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DHS Goes Biometric, Says Travelers Can Opt Out Of Face Scans By Not Traveling

The DHS has decided air travel is the unsafest thing of all. In the wake of multiple fear mongering presidential directives -- including a travel ban currently being contested in federal courts -- the DHS has introduced several measures meant to make flying safer, but in reality would only make flying more of a pain in the ass.

The government has argued in court that flying is a privilege, not a right, and the DHS seems hellbent on making fliers pay for every bit of that privilege. We've seen laptop bans introduced as a stick to push foreign airports to engage in more security theater and a threat to rifle through all travelers' books and papers to ensure nobody's reading explosive devices.

Now, the DHS is going to be scanning everyone's faces as they board/disembark international flights.

The Department of Homeland Security says it’s the only way to successfully expand a program that tracks nonimmigrant foreigners. They have been required by law since 2004 to submit to biometric identity scans — but to date have only had their fingerprints and photos collected prior to entry.

Now, DHS says it’s finally ready to implement face scans on departure — aimed mainly at better tracking visa overstays but also at tightening security.

The DHS swears it won't be retaining face scans of US persons, but apparently never considered limiting the collection to foreign travelers. Instead, the DHS will "collect them all" and supposedly toss out US citizens' scans later.

John Wagner, the Customs deputy executive assistant commissioner in charge of the program, confirmed in an interview that U.S. citizens departing on international flights will submit to face scans.

Wagner says the agency has no plans to retain the biometric data of U.S. citizens and will delete all scans of them within 14 days.

This sounds good (other than the collect-them-all approach) but Wagner's not done talking. The DHS is obviously hoping to make use of US persons' scans at some point.

However, [Wagner] doesn’t rule out CBP keeping them in the future after going “through the appropriate privacy reviews and approvals.”

This makes the promise of a 14-day deletion period dubious. The DHS would seemingly prefer to keep everything it collects, so this deletion promise may morph into data segregation, with the government keeping domestic scans in their own silo for possible use later.

The program is already being deployed at a handful of major airports. During the trial run, passengers will be able to opt out of the collection. But the DHS's own Privacy Impact Assessment [PDF] makes it clear it won't be optional for long.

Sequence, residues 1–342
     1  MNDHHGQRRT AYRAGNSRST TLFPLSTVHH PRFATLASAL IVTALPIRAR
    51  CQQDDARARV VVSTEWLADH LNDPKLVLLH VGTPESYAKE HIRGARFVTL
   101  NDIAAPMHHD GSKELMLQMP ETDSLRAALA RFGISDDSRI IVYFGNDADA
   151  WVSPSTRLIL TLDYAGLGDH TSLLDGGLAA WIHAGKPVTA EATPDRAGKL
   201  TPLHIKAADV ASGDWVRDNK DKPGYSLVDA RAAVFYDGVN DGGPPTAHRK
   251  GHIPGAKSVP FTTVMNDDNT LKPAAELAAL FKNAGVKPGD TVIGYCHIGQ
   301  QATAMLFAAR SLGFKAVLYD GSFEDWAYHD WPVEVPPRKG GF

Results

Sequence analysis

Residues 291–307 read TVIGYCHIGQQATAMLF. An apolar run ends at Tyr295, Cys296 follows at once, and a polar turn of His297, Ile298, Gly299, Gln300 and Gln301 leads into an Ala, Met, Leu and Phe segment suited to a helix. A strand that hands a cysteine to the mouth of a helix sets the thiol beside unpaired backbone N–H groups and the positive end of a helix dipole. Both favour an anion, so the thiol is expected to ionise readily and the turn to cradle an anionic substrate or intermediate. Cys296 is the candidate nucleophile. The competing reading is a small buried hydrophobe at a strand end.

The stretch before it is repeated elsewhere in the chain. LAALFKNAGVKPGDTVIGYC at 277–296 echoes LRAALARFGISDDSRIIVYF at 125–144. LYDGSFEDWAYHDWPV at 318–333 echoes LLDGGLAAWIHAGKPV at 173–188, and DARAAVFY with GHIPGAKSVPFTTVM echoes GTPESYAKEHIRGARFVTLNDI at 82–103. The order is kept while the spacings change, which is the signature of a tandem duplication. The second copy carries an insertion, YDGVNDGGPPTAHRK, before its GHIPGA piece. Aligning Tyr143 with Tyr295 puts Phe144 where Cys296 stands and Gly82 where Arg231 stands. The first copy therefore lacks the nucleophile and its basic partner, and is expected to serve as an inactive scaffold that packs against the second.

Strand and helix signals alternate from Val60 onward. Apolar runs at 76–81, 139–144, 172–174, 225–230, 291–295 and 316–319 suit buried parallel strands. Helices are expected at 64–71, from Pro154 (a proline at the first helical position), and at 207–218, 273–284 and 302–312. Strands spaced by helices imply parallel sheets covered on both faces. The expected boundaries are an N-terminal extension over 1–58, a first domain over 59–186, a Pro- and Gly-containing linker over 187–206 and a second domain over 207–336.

Privacy Risk: There is a risk to individual participation because individuals may be denied boarding if they refuse to submit to biometric identity verification under the TVS.

Mitigation: This privacy risk is partially mitigated. Although the redress and access procedures above provide for an individual’s ability to correct his or her information, the only way for an individual to ensure he or she is not subject to collection of biometric information when traveling internationally is to refrain from traveling. [emphasis added] Individuals seeking to travel internationally are subject to the laws and rules enforced by CBP and are subject to inspection.

To opt-out is to not travel. Considering this affects international flights, the DHS has a very good chance of achieving 100% compliance.

But there are other percentages to be concerned about, like accuracy. The DHS has a 96% accuracy requirement for face scanning tech (but, oddly, not for its TSA employees...), but its Privacy Impact Awareness report doesn't actually say whether vendors have been able to hit that mark. In practical terms, what's being deployed could still be well under that percentage. Considering the number of things that need to go right to obtain a useful face scan, the error rate could be far above 4% once less-than-ideal capture conditions are factored in.

Whatever privacy assurances are being given now, expect them to be whittled down in the future, especially if the government continues to engage in reactionary, fear-based lawmaking. With the exception of some post-Snowden surveillance reforms, the government's desire to collect databases full of US persons' info has only steadily increased since September 11, 2001.

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